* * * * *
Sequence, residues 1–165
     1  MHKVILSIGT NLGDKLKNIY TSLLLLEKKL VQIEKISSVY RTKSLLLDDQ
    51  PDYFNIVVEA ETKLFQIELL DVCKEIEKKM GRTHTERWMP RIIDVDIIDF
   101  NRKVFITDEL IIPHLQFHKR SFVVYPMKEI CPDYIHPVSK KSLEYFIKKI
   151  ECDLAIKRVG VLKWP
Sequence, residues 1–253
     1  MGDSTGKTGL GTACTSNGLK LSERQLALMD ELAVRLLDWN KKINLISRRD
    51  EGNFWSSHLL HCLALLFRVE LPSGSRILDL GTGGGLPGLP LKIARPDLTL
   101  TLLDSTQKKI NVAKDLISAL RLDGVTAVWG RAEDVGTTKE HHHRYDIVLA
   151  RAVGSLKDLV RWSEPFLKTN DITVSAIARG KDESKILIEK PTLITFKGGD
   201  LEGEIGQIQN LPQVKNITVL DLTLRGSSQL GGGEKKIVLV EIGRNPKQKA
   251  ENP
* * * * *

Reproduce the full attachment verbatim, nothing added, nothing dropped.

Sequence, residues 1–165
     1  MHKVILSIGT NLGDKLKNIY TSLLLLEKKL VQIEKISSVY RTKSLLLDDQ
    51  PDYFNIVVEA ETKLFQIELL DVCKEIEKKM GRTHTERWMP RIIDVDIIDF
   101  NRKVFITDEL IIPHLQFHKR SFVVYPMKEI CPDYIHPVSK KSLEYFIKKI
   151  ECDLAIKRVG VLKWP
Sequence, residues 1–253
     1  MGDSTGKTGL GTACTSNGLK LSERQLALMD ELAVRLLDWN KKINLISRRD
    51  EGNFWSSHLL HCLALLFRVE LPSGSRILDL GTGGGLPGLP LKIARPDLTL
   101  TLLDSTQKKI NVAKDLISAL RLDGVTAVWG RAEDVGTTKE HHHRYDIVLA
   151  RAVGSLKDLV RWSEPFLKTN DITVSAIARG KDESKILIEK PTLITFKGGD
   201  LEGEIGQIQN LPQVKNITVL DLTLRGSSQL GGGEKKIVLV EIGRNPKQKA
   251  ENP